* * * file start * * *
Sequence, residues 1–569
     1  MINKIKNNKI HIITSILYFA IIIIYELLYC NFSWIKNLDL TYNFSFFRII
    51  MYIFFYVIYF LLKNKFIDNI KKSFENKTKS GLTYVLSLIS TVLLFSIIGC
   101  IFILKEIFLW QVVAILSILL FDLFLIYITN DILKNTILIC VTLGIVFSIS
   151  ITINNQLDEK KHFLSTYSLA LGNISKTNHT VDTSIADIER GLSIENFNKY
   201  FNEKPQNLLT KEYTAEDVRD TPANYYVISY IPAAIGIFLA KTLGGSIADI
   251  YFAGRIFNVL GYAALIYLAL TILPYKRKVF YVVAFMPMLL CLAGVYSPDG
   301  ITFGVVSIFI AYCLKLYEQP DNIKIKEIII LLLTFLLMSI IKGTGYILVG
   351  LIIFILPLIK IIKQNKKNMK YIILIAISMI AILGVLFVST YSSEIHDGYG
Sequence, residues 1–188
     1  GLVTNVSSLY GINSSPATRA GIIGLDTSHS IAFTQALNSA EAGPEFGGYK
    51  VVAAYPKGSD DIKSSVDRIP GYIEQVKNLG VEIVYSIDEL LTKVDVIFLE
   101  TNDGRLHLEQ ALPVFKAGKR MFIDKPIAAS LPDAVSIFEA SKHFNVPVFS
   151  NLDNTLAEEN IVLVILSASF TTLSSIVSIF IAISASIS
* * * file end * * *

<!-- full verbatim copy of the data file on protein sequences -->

Sequence, residues 1–569
     1  MINKIKNNKI HIITSILYFA IIIIYELLYC NFSWIKNLDL TYNFSFFRII
    51  MYIFFYVIYF LLKNKFIDNI KKSFENKTKS GLTYVLSLIS TVLLFSIIGC
   101  IFILKEIFLW QVVAILSILL FDLFLIYITN DILKNTILIC VTLGIVFSIS
   151  ITINNQLDEK KHFLSTYSLA LGNISKTNHT VDTSIADIER GLSIENFNKY
   201  FNEKPQNLLT KEYTAEDVRD TPANYYVISY IPAAIGIFLA KTLGGSIADI
   251  YFAGRIFNVL GYAALIYLAL TILPYKRKVF YVVAFMPMLL CLAGVYSPDG
   301  ITFGVVSIFI AYCLKLYEQP DNIKIKEIII LLLTFLLMSI IKGTGYILVG
   351  LIIFILPLIK IIKQNKKNMK YIILIAISMI AILGVLFVST YSSEIHDGYG
Sequence, residues 1–188
     1  GLVTNVSSLY GINSSPATRA GIIGLDTSHS IAFTQALNSA EAGPEFGGYK
    51  VVAAYPKGSD DIKSSVDRIP GYIEQVKNLG VEIVYSIDEL LTKVDVIFLE
   101  TNDGRLHLEQ ALPVFKAGKR MFIDKPIAAS LPDAVSIFEA SKHFNVPVFS
   151  NLDNTLAEEN IVLVILSASF TTLSSIVSIF IAISASIS